Kintyre', or Cantire (Gael. ceann-tir, 'headland '), a long, narrow peninsula of Argyllshire, between the Atlantic and the Firth of Clyde, extending 42 miles south by westward, and 4 1/2 to ll 1/2 miles broad. At the north end it connects with the mainland by the isthmus of Tarbert, 1 1/8 mile broad, between East Loch Tarbert, a bay of Loch Fyne, and West Loch Tarbert. The surface is diversified by a ridge of low, moorish hills, with many lochs, the highest point being Ben-an-Tuirc (1491 feet). Coal is found at Drumlemble, 4 miles to the west of Campbeltown. Machrihanish Bay, on the west coast, just beyond, possesses noted golf-links. A lighthouse (1787), 297 feet above sea-level, stands on the Mull of Kintyre, which is overhung by Ben-na-Lice (1405 feet), and is only 13 miles distant from Ireland.
Kioto. See Kyoto.
Kirin, a Manchurian town, on the Sungari, 220 miles NE. of Mukden. Pop. 85,000.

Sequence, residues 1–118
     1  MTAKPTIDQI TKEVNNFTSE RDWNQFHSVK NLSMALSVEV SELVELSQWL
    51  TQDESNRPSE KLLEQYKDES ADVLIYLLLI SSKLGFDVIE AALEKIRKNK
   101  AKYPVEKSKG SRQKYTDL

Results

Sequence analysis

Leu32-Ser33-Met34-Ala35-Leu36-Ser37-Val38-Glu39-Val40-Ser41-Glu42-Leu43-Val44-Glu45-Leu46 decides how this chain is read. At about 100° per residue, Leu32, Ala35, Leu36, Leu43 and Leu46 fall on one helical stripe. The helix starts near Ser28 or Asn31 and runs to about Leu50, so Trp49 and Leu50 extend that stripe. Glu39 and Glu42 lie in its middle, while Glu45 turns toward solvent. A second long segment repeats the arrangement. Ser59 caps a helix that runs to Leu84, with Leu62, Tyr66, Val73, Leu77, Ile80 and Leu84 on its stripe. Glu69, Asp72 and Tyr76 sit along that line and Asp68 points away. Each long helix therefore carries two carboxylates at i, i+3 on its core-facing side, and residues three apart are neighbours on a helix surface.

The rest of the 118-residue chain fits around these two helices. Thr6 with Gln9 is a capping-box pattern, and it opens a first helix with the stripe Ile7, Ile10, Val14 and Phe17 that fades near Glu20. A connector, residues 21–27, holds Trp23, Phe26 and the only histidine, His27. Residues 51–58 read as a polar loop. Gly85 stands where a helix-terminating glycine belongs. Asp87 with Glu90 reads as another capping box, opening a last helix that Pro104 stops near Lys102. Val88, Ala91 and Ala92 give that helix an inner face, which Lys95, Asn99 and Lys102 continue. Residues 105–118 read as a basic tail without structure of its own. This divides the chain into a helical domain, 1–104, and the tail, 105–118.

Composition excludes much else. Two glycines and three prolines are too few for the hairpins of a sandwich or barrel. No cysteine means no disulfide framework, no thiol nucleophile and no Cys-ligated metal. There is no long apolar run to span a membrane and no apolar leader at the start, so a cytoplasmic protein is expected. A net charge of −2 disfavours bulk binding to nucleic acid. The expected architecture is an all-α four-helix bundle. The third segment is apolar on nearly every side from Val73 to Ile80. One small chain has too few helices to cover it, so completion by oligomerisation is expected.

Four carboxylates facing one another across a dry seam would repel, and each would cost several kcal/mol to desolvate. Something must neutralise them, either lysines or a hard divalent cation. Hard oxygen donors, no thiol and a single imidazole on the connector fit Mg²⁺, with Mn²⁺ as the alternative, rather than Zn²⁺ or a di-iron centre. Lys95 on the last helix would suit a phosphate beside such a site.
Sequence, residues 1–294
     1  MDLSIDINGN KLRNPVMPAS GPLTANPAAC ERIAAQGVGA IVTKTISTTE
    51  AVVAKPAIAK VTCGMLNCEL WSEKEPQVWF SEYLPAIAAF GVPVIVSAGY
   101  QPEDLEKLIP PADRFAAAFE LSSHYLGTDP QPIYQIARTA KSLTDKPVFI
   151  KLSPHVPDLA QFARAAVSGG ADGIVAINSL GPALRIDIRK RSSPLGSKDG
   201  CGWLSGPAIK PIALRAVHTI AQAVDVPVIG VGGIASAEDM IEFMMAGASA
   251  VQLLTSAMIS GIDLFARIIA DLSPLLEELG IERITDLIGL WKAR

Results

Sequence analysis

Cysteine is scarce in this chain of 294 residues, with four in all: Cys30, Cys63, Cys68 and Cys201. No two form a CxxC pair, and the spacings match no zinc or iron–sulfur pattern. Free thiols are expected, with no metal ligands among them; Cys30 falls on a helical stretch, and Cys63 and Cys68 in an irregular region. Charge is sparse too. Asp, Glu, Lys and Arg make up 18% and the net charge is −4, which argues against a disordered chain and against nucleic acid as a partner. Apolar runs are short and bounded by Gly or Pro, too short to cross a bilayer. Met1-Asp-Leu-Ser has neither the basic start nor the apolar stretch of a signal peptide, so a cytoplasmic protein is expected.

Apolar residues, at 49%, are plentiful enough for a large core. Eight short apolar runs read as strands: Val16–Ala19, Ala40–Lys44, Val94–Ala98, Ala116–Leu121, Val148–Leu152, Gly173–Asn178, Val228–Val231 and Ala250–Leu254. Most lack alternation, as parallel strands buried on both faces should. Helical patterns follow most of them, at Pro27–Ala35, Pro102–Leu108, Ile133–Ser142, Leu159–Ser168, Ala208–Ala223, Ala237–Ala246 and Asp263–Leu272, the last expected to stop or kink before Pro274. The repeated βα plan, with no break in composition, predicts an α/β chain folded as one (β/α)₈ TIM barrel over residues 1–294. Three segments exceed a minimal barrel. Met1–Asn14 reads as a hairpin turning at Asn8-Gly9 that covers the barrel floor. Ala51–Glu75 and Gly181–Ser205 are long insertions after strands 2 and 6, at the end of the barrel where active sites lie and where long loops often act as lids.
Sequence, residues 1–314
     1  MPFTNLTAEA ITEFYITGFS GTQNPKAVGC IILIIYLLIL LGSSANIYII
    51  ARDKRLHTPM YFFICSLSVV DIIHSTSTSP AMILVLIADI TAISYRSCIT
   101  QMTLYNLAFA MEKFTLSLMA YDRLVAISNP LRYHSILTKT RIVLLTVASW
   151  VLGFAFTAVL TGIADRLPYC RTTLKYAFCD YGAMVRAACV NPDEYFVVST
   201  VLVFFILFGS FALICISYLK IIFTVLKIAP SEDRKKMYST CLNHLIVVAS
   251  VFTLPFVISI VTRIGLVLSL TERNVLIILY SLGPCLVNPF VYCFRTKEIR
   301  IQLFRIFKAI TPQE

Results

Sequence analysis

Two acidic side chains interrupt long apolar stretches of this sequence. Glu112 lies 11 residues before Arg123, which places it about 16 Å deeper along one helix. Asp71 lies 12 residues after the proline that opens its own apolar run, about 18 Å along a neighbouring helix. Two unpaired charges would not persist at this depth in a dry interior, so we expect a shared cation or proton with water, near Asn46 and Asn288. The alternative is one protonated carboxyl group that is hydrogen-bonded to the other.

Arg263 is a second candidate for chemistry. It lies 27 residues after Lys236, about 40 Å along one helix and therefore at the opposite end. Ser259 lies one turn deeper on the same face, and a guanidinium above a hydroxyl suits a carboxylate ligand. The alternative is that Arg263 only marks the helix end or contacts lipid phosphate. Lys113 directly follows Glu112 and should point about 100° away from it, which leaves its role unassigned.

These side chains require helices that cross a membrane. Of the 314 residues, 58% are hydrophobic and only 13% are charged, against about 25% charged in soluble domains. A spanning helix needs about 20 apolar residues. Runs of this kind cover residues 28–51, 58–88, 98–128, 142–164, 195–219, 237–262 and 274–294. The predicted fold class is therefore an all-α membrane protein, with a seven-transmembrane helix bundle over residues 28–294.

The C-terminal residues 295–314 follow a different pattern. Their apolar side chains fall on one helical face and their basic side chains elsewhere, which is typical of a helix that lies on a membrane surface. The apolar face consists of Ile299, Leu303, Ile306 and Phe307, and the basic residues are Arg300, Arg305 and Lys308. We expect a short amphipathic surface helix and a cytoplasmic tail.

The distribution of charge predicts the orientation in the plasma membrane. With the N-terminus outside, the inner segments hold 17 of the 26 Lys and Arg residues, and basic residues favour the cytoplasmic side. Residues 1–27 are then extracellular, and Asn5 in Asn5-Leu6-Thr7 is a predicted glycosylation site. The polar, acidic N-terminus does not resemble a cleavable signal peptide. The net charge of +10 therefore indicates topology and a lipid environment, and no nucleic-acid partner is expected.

Kirkdale Cave, Vale of Pickering, Yorkshire, 28 miles W. of Scarborough, is 245 feet long, but very low. Discovered in 1821, it has yielded many remains of Tertiary mammals.
Kirkheaton, a town in the West Riding of Yorkshire, near the Colne, 3 miles ENE. of Huddersfield. Pop. 2632.
Kirkintilloch, a town in Dumbartonshire (detached), on the Forth and Clyde Canal, 7 miles NNE. of Glasgow. Its Celtic name Caerpentu-lach ( fort at the end of the ridge') referred to a strong fort on Antoninus' Wall, which has left some remains; as early as 1170 it was made a burgh of barony. Chemicals, iron, etc. are manufactured. In the southern suburb, Lenzie, are the large Barony lunatic asylum (1875) and the Glasgow convalescent home (1864). Pop. (1851) 6342; (1901) 10,502.